Journal of Molecular Neuroscience

, Volume 65, Issue 2, pp 213–221 | Cite as

Evidence for Association Between OXTR Gene and ASD Clinical Phenotypes

  • Lucas de Oliveira Pereira Ribeiro
  • Pedro Vargas-Pinilla
  • Djenifer B. Kappel
  • Danae Longo
  • Josiane Ranzan
  • Michele Michelin Becker
  • Rudimar dos Santos Riesgo
  • Lavinia Schuler-Faccini
  • Tatiana Roman
  • Jaqueline Bohrer SchuchEmail author


Autism spectrum disorder (ASD) is an early-onset neurodevelopmental disorder characterized by impairments in social behaviors and communication. Oxytocin and its signaling pathway are related to a range of human behaviors, from facial expression recognition to aggressive behaviors, and have been suggested as involved in the etiology of ASD. Our aim was to evaluate the influence of two polymorphisms (rs1042778, rs53576) at the oxytocin receptor gene (OXTR) on ASD diagnosis and on specific ASD-related clinical symptoms (seizures, panic, and aggressive behaviors). We also assessed if these SNPs could be related to changes in OXTR availability and functionality using a bioinformatic approach. The sample was composed by 209 probands with ASD and their biological parents. Family-based approach and logistic regression models were used to investigated the outcomes. We observed that panic and aggressive behaviors were nominally associated with presence of rs1042778 T allele (P = 0.019/Pcorr = 0.114; P = 0.046/Pcorr = 0.276 respectively). Also, in the family-based analysis, a trend towards association with ASD susceptibility was observed for rs1042778 (G allele) (P = 0.066). In a bioinformatic approach, we demonstrated that rs1042778 G allele is determinant for the binding of the transcription factor MAZ, suggesting that when the T allele is present, the absence of MAZ binding might be associated with lower transcription levels of the OXTR gene. The overall findings suggest that the OXTR gene may play a role in ASD diagnosis and some of its clinical phenotypes, supported by previous animal and clinical studies. Further investigations are necessary to replicate our findings and fully understand the effects of the oxytocin pathway on ASD.


Autism Oxytocin receptor gene Panic Aggressive Oxytocin Endophenotype 



We are grateful to all clinical staff at the Child Neurology Unit and technicians at the Laboratory of Biological Samples Collection from Hospital de Clínicas de Porto Alegre for their assistance with clinical data and blood sample collections, respectively. We also thank Dr. Sandra Leistner-Segal at the Medical Genetics Service from Hospital de Clínicas de Porto Alegre for the fragile X syndrome genotyping. We lastly would like to thank all the families who kindly participated in this research.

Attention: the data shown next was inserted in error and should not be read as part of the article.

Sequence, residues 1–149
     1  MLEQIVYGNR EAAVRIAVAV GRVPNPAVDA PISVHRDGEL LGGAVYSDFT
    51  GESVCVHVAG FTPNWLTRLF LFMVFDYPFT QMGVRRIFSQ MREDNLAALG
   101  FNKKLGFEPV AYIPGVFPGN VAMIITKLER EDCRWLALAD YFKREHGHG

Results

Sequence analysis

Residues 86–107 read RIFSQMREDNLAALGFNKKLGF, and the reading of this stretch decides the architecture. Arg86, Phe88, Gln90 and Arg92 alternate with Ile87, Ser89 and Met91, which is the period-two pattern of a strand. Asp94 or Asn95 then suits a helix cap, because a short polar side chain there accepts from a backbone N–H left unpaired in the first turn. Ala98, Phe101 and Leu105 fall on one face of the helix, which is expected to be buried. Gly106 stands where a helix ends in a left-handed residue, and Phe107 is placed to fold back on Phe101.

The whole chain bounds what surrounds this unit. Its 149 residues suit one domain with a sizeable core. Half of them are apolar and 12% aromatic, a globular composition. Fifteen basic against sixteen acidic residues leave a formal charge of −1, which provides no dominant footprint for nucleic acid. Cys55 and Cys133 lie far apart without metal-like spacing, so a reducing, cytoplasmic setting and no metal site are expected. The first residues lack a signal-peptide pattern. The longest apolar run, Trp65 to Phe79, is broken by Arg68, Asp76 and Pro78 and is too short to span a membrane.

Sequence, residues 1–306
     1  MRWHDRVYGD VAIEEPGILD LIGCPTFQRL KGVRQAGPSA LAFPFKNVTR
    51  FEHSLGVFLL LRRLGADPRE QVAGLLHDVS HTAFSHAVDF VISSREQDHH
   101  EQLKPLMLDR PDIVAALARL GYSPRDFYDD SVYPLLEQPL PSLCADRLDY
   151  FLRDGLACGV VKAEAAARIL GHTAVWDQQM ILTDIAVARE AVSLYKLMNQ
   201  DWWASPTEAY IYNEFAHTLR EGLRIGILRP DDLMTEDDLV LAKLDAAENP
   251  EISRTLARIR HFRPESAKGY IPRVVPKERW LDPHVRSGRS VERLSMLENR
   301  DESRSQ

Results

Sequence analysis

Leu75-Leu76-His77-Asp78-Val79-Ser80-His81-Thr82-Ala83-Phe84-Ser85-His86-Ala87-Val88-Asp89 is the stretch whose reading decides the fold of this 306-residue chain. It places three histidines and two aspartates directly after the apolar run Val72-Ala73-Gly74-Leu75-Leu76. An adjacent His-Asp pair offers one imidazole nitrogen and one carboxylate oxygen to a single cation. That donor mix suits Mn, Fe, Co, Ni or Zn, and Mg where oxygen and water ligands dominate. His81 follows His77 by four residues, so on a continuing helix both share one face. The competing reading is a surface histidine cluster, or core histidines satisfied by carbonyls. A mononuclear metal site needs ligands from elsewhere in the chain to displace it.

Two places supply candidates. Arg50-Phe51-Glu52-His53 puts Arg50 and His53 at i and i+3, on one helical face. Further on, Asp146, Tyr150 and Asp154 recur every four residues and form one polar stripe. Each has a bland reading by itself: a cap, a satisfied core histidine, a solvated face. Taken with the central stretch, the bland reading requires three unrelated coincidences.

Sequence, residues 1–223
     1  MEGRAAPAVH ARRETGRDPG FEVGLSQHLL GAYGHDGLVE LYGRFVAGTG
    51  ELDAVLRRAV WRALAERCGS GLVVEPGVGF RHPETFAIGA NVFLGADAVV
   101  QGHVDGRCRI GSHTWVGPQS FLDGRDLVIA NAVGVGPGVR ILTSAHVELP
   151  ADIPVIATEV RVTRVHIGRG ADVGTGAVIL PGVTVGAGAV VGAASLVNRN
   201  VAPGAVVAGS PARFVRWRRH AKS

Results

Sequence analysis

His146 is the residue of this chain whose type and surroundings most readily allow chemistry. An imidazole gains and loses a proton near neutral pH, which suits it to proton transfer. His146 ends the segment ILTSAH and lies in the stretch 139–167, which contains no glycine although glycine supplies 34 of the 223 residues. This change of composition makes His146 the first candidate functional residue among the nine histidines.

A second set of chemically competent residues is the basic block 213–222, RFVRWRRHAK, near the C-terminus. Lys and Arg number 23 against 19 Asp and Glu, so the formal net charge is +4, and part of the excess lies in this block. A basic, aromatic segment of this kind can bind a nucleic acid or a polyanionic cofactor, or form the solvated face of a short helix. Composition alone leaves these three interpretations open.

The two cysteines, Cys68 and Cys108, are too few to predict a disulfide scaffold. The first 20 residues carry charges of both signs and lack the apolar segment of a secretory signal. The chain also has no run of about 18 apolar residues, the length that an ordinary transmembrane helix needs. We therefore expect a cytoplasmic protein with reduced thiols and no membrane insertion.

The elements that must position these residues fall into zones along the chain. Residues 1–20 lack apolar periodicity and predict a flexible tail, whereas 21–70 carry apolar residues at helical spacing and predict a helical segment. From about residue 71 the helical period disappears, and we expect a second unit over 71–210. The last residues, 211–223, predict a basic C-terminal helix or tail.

Funding Information

The study was funded by the following the institutions: Conselho Nacional de Desenvolvimento Científico e Tecnológico (CNPq), Coordenação de Aperfeiçoamento de Pessoal de Nível Superior (CAPES), Fundo de Incentivo a Pesquisa e Eventos – Hospital de Clínicas de Porto Alegre (FIPE-HCPA), and Fundação de Amparo à Pesquisa do Estado do Rio Grande do Sul (FAPERGS).

Compliance with Ethical Standards

This study was approved by the Ethics Committee of HCPA (protocol numbers 05-451, 06-237, and 06632012.4.0000.5334) and it was in accordance with the ethical standards established in the 1964 Declaration of Helsinki and its later amendments. Informed consent was obtained from all individual participants or legal representatives included in the study.

Conflict of Interest

The authors declare that they have no conflict of interest.

Supplementary material

12031_2018_1088_MOESM1_ESM.docx (17 kb)
ESM 1 (DOCX 17 kb)


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Authors and Affiliations

  • Lucas de Oliveira Pereira Ribeiro
    • 1
  • Pedro Vargas-Pinilla
    • 2
  • Djenifer B. Kappel
    • 2
  • Danae Longo
    • 2
  • Josiane Ranzan
    • 3
  • Michele Michelin Becker
    • 3
  • Rudimar dos Santos Riesgo
    • 3
  • Lavinia Schuler-Faccini
    • 2
  • Tatiana Roman
    • 2
  • Jaqueline Bohrer Schuch
    • 2
    • 4
    Email author
  1. 1.Department of Basic Health SciencesUniversidade de Ciências da Saúde de Porto AlegrePorto AlegreBrazil
  2. 2.Department of Genetics, Instituto de BiociênciasUniversidade Federal do Rio Grande do SulPorto AlegreBrazil
  3. 3.Child Neurology Unit, Hospital de Clínicas de Porto AlegreUniversidade Federal do Rio Grande do SulPorto AlegreBrazil
  4. 4.Laboratory of Immunosenescence, Graduate Program in Biomedical GerontologyPontifícia Universidade Católica do Rio Grande do SulPorto AlegreBrazil

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